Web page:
An additional analysis carried out on the whole sample of participants (regardless visual experience) confirmed the common activation in a right temporal cluster, comprising the STG, the TPJ and the MTG regions. This cluster appears to be consistently engaged in both groups during social processing and activations in these regions are likely to play a more general function in the perception of socially relevant stimuli, which is not bound to visual experience (Fairhall et al., 2017). These results fit with the involvement of the right STG and TPJ in a variety of social‐cognitive processes (Bahnemann, Dziobek, Prehn, Wolf, & Heekeren, 2010; Yang, Rosenblau, Keifer, & Pelphrey, 2015), such as biological motion perception (Beauchamp, Lee, Haxby, & Martin, 2003; Grossman et al., 2000; Peelen, Wiggett, & Downing, 2006), mentalizing (Schneider, Slaughter, Becker, & Dux, 2014; Wolf, Dziobek, & Heekeren, 2010), and emotion attribution to others on the basis of both visual and auditory/verbal information (e.g., Alba‐Ferrara, Ellison, & Mitchell, 2012; Ferrari, Schiavi, & Cattaneo, 2018; Gamond & Cattaneo, 2016; Lettieri et al., 2019; Redcay, Velnoskey, & Rowe, 2016; Sliwinska & Pitcher, 2018). These data suggest a two‐stage process in which the STS underpins an initial parsing of a stream of information, whether auditory or visual, into meaningful discrete elements, whose communicative meaning for decoding others' behavior and intentions involves more in‐depth analysis associated with increased activation in the TPJ node (Arioli & Canessa, 2019; Bahnemann et al., 2010; Redcay, 2008). Ethofer et al. (2006) showed that the pSTS is the input of the prosody processing system and represents the input to higher‐level social cognitive computations, associated with activity in the action observation system (Gardner et al., 2015), as well as in the mentalizing system (Schurz, Radua, Aichhorn, Richlan, & Perner, 2014). Accordingly, using visual stimuli Arioli et al. (2018) pointed to the pSTS as the input for the social interaction network, which includes key nodes of both action observation and theory of mind networks. Thus, the STS/TPJ regions may represent a domain‐specific hub associated with the analysis of the meaning of others' actions, regardless of the stimulation modality, and highly interconnected with the action observation and the mentalizing networks.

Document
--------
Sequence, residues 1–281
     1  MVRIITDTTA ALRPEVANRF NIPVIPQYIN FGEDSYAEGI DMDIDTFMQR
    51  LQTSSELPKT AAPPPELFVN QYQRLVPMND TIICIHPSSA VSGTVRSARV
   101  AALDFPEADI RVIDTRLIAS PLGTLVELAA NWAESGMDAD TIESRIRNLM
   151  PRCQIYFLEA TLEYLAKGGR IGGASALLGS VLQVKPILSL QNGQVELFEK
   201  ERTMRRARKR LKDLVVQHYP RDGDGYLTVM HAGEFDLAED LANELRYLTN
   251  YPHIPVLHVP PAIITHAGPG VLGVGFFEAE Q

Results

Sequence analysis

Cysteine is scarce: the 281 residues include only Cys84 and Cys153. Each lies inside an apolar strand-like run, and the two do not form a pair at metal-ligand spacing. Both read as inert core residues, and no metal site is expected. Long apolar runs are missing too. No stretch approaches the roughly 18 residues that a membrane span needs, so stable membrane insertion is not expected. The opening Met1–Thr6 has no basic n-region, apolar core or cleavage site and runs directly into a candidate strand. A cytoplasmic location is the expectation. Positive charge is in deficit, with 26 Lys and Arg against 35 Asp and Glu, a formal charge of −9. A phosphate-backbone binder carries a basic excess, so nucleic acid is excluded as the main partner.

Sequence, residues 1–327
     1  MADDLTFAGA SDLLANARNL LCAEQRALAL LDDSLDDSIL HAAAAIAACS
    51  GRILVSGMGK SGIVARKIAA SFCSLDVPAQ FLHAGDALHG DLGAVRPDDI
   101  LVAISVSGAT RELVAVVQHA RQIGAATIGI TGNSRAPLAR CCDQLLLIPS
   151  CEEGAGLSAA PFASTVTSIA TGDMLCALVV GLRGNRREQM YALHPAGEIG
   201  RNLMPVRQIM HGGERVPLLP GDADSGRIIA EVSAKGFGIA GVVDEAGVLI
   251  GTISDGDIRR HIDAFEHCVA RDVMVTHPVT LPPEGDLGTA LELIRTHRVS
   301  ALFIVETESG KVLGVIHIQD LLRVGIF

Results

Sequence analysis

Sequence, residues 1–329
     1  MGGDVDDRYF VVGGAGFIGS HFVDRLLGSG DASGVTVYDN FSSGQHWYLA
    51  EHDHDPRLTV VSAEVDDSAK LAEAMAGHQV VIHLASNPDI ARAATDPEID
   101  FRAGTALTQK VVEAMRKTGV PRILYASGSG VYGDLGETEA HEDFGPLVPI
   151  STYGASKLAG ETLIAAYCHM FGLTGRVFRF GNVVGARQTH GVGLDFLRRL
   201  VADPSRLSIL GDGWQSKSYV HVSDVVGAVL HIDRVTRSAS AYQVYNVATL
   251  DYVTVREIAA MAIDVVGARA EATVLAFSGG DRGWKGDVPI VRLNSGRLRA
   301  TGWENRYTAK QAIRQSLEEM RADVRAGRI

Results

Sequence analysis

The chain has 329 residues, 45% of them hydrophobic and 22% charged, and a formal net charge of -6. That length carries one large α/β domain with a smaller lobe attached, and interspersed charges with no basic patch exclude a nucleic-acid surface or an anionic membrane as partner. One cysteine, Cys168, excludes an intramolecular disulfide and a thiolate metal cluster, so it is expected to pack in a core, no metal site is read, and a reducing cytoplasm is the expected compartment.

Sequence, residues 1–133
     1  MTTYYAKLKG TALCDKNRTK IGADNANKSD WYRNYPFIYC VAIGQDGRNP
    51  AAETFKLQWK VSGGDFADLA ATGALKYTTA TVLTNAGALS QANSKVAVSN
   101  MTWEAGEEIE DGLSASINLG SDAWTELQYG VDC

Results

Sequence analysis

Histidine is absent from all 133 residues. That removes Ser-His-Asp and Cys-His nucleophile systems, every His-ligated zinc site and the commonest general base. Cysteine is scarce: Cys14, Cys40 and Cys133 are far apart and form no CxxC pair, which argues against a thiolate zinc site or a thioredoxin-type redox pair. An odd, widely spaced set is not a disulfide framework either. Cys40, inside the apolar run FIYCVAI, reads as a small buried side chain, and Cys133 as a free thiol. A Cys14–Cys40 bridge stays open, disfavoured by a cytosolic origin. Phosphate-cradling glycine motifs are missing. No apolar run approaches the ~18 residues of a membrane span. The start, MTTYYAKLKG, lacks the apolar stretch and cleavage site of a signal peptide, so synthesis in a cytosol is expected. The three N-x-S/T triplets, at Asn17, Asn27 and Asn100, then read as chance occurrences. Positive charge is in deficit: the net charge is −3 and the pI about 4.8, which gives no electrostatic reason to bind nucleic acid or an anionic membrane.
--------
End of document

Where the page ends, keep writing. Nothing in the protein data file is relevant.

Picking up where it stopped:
The lack of activation of the parietal cortex in the early blind, with the parietal cortex being another key node of the AON in sighted individuals, is possibly due to the low number of studies specifically focused on hand representation in our database (see Pellijeff, Bonilha, Morgan, McKenzie, & Jackson, 2006; 3/17, see Table 1). Indeed, Caspers et al. (2010) reported that only observation of hand actions was consistently associated with activations within parietal cortex, the observation of non‐hand actions was not. Moreover, although Ricciardi et al. (2009) reported a parietal activation in blind participants during auditory presentation of hand‐executed actions, this activation was much less extensive (particularly in the superior parietal cortex) in the blind compared to sighted controls. Another possible explanation for the lack of parietal activation in the blind in our meta‐analysis (also possibly accounting for the results by Ricciardi et al., 2009) is that the activation within the parietal part of the AON may be mainly driven by object‐related representations (Caspers et al., 2010), which are not present in several of the experiments included in the present analysis. In turn, our studies focused mainly on voice processing (6/17), and in part on face/body representation (4/17), this probably being responsible for the consistent activation we reported in the fusiform gyrus. Indeed, voice processing has been found to activate the fusiform face area in blind individuals (i.e., Fairhall et al., 2017).